Some of the stories weren't really that dangerous, though—not in 1967 nor today. They were, however, excellent SF/F stories. [a:Larry Niven|12534|Larry Niven|https://images.gr-assets.com/authors/1182720933p2/12534.jpg]'s “The Jigsaw Man" is [a:Robert A. Heinlein|205|Robert A. Heinlein|https://images.gr-assets.com/authors/1192826560p2/205.jpg]-esque in its speculation on the future of organ replacement, a real “If This Goes On...." kind of tale. [a:Fritz Leiber|23001|Fritz Leiber|https://images.gr-assets.com/authors/1423163995p2/23001.jpg]’s Hugo and Nebula winning novelette "Gonna Roll the Bores" is one of the best meeting with the devil stories ever written. "Lord Randy, My Son," like Robert Bloch's story, was almost made for the Twilight Zone, but, unlike Bloch’s, contained a much stronger kick at its end that is still powerful today. "The Doll-House" is another great example of a story that wasn't really dangerous, but simply a a great example of a good Twilight Zone story, in this case about a man with access to a Delphic oracle and the comeuppance of his greed. [a:Frederik Pohl|22996|Frederik Pohl|https://images.gr-assets.com/authors/1226540337p2/22996.jpg]'s "The Day After The Martians Came” has a nice kicker that seems to be even stronger now, five decades after the civil rights movement. Humans seem to have a need to treat others as lower them themselves, and Pohl makes his point with a touch more subtly than Knight or Sladek.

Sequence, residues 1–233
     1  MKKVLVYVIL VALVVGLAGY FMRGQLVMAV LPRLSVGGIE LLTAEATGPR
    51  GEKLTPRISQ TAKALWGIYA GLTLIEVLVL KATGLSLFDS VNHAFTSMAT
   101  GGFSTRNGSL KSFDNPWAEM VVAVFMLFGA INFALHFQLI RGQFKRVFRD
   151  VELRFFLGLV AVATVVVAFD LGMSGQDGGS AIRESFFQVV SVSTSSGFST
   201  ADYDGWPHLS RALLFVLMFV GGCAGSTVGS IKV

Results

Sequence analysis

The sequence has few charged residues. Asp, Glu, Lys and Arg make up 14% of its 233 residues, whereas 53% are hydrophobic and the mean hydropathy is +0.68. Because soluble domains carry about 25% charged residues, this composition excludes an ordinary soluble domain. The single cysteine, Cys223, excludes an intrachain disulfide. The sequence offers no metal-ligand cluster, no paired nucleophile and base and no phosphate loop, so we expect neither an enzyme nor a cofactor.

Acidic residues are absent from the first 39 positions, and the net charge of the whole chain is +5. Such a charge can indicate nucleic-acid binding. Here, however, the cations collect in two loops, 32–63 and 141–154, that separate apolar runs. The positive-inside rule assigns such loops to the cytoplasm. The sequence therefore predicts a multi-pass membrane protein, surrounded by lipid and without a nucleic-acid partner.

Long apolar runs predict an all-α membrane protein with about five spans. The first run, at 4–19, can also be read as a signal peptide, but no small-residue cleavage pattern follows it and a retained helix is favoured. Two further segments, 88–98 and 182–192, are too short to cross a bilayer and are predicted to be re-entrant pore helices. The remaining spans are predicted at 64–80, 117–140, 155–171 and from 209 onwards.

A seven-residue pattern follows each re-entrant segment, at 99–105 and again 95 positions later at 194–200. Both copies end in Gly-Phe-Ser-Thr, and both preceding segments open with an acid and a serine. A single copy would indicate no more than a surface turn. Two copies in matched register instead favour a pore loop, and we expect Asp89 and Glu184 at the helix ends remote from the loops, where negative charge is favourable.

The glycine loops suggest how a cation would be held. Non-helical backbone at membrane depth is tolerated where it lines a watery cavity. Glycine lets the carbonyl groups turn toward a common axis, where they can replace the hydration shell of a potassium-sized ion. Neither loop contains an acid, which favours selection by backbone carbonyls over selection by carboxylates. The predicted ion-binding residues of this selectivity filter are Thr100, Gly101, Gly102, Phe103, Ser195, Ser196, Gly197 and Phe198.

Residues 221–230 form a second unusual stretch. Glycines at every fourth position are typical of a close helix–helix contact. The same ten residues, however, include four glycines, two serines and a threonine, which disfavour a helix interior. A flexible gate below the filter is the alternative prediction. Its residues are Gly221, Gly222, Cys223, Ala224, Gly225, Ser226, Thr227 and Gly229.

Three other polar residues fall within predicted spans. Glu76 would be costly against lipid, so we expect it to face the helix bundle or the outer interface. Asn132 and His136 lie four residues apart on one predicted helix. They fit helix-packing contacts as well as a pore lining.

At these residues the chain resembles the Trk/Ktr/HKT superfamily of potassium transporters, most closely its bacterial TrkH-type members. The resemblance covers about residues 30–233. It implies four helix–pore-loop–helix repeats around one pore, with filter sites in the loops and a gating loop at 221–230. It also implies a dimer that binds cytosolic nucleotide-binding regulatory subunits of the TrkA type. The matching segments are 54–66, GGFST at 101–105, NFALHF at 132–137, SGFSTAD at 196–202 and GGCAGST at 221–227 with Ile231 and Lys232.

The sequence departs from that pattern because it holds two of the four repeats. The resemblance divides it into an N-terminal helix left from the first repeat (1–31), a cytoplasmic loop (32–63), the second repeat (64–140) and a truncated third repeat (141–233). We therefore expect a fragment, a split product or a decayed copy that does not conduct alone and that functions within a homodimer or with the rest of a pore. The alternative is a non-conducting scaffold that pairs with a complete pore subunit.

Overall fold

A few stories are dated by their style, like "Encounter with a Hick," which uses hipster slang to recount an incident in the far future when an Earthman comes up against a test of faith. Strangely, Farmer’s story had some similar stylistic quirks, but not as strongly, and the story didn't rely on the language itself to be strange. Like Sturgeon's, [a:Poul Anderson|32278|Poul Anderson|https://images.gr-assets.com/authors/1218818842p2/32278.jpg]'s "Eutopia" deals with another sexual taboo of the time. Unlike Sturgeon's, however, this is one that's hardly taboo anymore, at least for a majority of the U.S. population, so really seems dated now.